Sponsored by:

Comment, blog & share photos

Log in | Become a member
The Honolulu Advertiser
Posted on: Friday, February 12, 2010

Vigilance against flu still urged

By Curtis Lum
Advertiser Staff Writer

Hawai'i may have seen the worst as far as the number of swine flu cases, but health officials are cautioning that the H1N1 virus is still here and people should continue to take precautions and get vaccinations.

The World Health Organization is set to meet this month to consider whether the swine flu pandemic has already peaked. WHO declared a pandemic last June, but experts will determine whether the worst of the outbreak is over.

In Hawai'i, the first cases of H1N1 were confirmed in early May and there was a steady increase in reported cases until they peaked in July, said Dr. Sarah Park, state epidemiologist. As the number of cases began to decline here in late August, Park said, there was a second wave of disease activity on the Mainland.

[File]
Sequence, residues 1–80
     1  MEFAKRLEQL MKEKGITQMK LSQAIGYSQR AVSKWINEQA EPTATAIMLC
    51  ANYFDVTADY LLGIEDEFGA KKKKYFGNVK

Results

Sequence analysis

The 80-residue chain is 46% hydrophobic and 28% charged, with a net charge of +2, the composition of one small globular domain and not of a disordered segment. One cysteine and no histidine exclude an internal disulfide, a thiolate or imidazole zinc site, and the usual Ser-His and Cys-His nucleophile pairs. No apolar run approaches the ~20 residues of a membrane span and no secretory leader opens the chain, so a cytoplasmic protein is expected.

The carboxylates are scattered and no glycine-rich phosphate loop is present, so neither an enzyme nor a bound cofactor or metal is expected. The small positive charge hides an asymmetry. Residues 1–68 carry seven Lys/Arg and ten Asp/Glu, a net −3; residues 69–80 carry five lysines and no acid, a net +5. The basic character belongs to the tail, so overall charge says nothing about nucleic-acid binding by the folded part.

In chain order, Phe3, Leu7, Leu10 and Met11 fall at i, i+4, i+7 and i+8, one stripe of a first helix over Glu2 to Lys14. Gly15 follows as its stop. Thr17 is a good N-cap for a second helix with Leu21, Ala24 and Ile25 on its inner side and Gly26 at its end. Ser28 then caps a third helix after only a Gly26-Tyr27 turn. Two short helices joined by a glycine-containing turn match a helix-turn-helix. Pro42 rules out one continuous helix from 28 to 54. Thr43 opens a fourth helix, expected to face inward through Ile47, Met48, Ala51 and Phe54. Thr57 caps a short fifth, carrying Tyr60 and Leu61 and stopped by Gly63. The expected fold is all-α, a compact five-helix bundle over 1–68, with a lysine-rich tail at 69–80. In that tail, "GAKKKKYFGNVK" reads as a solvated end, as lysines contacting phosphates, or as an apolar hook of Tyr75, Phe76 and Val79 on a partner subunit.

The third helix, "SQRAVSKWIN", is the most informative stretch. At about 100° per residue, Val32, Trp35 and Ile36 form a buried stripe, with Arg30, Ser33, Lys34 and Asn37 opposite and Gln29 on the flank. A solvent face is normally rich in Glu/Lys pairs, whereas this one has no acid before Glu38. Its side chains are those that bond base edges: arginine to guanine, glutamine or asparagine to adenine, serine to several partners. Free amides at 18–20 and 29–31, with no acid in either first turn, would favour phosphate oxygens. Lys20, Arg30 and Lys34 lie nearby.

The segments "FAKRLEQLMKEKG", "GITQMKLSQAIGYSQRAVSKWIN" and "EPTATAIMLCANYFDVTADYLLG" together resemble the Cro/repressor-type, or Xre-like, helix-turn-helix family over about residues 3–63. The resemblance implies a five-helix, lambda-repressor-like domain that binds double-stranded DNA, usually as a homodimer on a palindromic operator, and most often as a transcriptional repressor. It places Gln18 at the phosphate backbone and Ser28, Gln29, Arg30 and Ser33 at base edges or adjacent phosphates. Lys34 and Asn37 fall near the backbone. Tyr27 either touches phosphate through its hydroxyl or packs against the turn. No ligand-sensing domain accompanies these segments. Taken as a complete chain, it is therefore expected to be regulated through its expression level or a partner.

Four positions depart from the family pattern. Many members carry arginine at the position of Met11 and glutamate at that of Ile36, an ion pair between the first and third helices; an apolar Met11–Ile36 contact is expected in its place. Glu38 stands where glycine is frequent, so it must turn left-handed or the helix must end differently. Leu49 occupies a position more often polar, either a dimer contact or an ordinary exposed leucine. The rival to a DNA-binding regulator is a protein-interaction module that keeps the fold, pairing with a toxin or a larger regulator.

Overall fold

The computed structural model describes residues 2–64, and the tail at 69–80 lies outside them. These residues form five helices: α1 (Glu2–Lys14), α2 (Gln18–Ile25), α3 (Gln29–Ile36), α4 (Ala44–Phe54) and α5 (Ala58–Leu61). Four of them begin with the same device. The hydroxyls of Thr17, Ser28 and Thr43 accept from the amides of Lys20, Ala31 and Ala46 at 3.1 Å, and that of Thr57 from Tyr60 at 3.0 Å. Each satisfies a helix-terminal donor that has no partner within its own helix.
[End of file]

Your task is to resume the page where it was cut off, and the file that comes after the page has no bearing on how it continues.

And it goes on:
That second round of cases never reached Hawai'i, she said.

"We're thanking our lucky stars that we've only had one wave and hopefully it stays that way," Park said.

Park said she believes Hawai'i escaped a second outbreak because of preventive measures put in place by the Department of Health, such as programs to emphasize good hygiene. The H1N1 vaccine also came out at the same time the state's cases began to decline.

Although the WHO may declare that the pandemic's peak is over, Keiji Fukuda, WHO flu chief, warned that there is ongoing pandemic activity and people should not let their guard down.

Park agreed.

"The flu is completely unpredictable," she said. "I'd like to be confident and say, 'Oh yeah, we're done and we won't see anything until next October.' But I know better. I have to stay vigilant, and we have to stay vigilant in public health so that everyone else can have a good life."

She cited the recent deaths here of a man and woman who contracted the swine flu as sad reminders of the possible consequence of the H1N1 virus. There have been 13 deaths in Hawai'i connected to the virus, compared with more than 15,000 worldwide.

Park said everyone should get an H1N1 vaccination and parents of children under 10 who received a first dose should be sure their children get the second dose. She said there is an ample supply of vaccine in the Islands.

"At this point, if you want to be vaccinated, you can be vaccinated," she said. "There are doses regularly available."